There are other problems with Shelby County's broad reading of the equal footing principle. One is that when Congress readmitted the former Confederate States, many of them were readmitted with a statute that imposed special conditions on them with respect to voting and officeholding, including the express incorporation of Section Three of the Fourteenth Amendment. Another is that (before the Civil War) John Bingham pointed out that the 1787 Constitution does not treat all states equally with respect to slavery. Article One, Section Nine, Clause 1, which discusses the importation of enslaved people, says that "the states now existing" could permit slave importation unless and until Congress imposed a ban. Bingham argued that this excluded states added after the original 13, otherwise the provision would have just said "the states."

The 1868 Act of Congress readmitting some of the ex-Confederate states with conditions could become relevant in future litigation. 

Posted by Gerard Magliocca on January 16, 2022 at 10:13 AM | Permalink | Comments (0)

Saturday, January 15, 2022

Mark Finchem and Section Three

Mark Finchem is a state representative in Arizona. He is now running for the GOP nomination to be Arizona's Secretary of State; the official in charge of running elections. Former President Trump has endorsed Finchem's candidacy. Representative Finchem was present at the "Stop the Steal" rally on January 6th and there are allegations that was connected with some of the groups that engaged in violence on that day. He is a member of the "Oath Keepers" and recently described the 2020 election in Arizona as "rigged."

Consequently, Representative Finchem may be barred from serving as Secretary of State by Section Three of the Fourteenth Amendment. He was a state legislator on January 6th who had sworn an oath to uphold the Constitution. If he "engaged in insurrection," then Section Three bars him from serving in any state executive office. Section Three is the only federal constitutional requirement for state office.

My understanding is that any voter in Arizona may challenge the eligibility of a primary candidate for state office on the ground that he cannot lawfully hold the office for which he is running.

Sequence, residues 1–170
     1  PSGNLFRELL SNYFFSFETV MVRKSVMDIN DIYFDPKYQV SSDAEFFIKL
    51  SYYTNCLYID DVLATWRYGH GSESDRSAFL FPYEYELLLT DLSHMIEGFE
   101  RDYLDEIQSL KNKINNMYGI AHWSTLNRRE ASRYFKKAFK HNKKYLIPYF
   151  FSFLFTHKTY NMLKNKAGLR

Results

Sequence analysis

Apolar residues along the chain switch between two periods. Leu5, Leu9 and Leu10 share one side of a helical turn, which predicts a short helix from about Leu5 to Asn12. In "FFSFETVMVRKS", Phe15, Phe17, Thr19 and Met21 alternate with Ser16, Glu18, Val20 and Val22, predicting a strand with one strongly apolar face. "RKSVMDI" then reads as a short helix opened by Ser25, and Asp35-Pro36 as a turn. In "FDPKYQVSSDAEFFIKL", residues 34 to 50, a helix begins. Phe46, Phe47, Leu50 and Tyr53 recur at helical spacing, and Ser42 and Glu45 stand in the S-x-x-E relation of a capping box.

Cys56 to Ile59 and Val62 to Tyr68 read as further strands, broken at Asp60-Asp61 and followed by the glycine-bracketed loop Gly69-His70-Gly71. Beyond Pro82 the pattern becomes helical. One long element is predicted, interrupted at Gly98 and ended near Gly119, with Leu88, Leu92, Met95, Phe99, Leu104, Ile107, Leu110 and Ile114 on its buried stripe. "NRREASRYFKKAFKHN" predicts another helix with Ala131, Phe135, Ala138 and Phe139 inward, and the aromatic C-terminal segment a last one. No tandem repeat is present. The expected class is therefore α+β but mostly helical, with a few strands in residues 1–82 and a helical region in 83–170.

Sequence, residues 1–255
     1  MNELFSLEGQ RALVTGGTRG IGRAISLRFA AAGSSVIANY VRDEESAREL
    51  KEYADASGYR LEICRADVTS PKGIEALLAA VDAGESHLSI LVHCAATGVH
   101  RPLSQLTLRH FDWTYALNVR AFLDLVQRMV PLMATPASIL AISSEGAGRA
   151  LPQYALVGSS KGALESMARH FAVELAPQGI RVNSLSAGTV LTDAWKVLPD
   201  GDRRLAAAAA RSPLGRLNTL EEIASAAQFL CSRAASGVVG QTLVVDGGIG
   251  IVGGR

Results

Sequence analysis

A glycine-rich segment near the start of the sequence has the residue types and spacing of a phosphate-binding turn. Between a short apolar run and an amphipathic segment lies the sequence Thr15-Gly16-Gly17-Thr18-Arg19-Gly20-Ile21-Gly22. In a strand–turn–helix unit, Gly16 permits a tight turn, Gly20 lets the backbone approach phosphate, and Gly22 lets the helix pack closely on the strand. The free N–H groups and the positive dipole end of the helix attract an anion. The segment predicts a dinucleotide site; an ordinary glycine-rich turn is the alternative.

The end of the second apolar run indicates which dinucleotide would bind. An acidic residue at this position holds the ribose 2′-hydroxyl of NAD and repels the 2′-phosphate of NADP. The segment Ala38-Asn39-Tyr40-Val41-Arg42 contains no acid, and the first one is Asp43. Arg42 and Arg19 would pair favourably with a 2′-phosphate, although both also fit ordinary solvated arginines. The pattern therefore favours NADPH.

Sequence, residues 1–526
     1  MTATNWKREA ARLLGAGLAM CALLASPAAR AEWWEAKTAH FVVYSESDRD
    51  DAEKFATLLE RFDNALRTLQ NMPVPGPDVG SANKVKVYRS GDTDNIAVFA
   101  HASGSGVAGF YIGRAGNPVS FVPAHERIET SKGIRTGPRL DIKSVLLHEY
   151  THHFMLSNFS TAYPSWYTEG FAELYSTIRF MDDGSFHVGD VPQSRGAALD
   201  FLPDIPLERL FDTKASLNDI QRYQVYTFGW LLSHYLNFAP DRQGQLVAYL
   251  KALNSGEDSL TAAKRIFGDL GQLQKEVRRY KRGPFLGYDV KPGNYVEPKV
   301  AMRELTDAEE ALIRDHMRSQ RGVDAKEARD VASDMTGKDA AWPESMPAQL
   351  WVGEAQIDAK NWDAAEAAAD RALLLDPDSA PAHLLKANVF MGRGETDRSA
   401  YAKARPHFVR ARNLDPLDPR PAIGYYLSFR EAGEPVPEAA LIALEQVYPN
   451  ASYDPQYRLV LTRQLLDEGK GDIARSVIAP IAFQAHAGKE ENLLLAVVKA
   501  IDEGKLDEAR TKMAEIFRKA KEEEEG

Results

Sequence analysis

Posted by Gerard Magliocca on January 15, 2022 at 09:43 PM | Permalink | Comments (0)

Some Additional Section Three Resources

I've found some additional cases and authorities on Section Three that are not in my law review article. None of them are terribly significant, but for those who are interested I thought I would just list them.

Opinion of Justices, 12 Fla. 651 (1868) (advisory opinion holding that members of the state secessionist convention were not subject to Section Three).

Hudspeth v. Garrigues, 21 La.Ann 684 (1869) (holding that a state court clerk under the Confederacy was not subject to Section Three).

Powell v. Boon, 43 Ala. 459 (1869) (mentioning Section Three in an offhand way).

Op. of the Attorney General, May 24th 1867 (defining "engaged in insurrection" as used in the Reconstruction Acts, incorporating Section Three of the proposed Fourteenth Amendment).

There's at least one more case from Kansas that I will discuss in another post.

Posted by Gerard Magliocca on January 15, 2022 at 08:42 AM | Permalink | Comments (0)

Friday, January 14, 2022

conference - Mass Torts Evolve: The Intersection of Aggregate Litigation and Bankruptcy

Related to my post below about Dopesick and the opioid litigation, Samir Parikh sends word about a symposium he is organizing for Fordham Law Review that unpacks the issues at the intersection of aggregate litigation and bankruptcy, focusing on Purdue, USA Gymnastics, Boy Scouts of America, and other prominent mass tort bankruptcies register here  - https://t.e2ma.net/message/ettj4g/i485hj

great lineup and here's the description:


This symposium addresses the novel intersection of civil procedure and bankruptcy law.  Corporate defendants – including Purdue Pharma, Boy Scouts of America, and USA Gymnastics – facing substantial numbers of mass tort claims have filed for bankruptcy to exploit statutory loopholes and impose a new bargain on tort victims.  This interdisciplinary event will feature panels discussing bankruptcy preemption and multidistrict litigation, due process, representation issues regarding unidentified victims, settlement dynamics in complex cases, and victims’ rights.



Posted by Orly Lobel on January 14, 2022 at 08:33 PM | Permalink | Comments (4)

When laws send a message

From the Eastern District of Pennsylvania, rejecting a challenge by a group of Italian-Americans to Philadelphia changing the city's official holiday from Columbus Day to Indigenous People's Day. The court, rightly, the plaintiffs lacked standing based on the city's policy insulting Italian-Americans by declining to celebrate Columbus. I continue to believe what this really means is that the plaintiffs did not suffer a violation of their substantive constitutional rights, but the point is the same.

Reading the arguments, I  was reminded of the travel-ban cases in which plaintiffs argued for standing and a universal injunction based on the message of exclusion sent by the regulation, independent of any enforcement or action under it. I argued at the time that this is not a sufficient injury (substantive violation) and does not create the predicate for beyond-the-plaintiffs relief, because it is the enforcement of law or policy that violates rights, not the law or policy itself. This case presents the same issue. But I wonder how many people who argued for message-of-exclusive standing in 2017 disagree with this decision.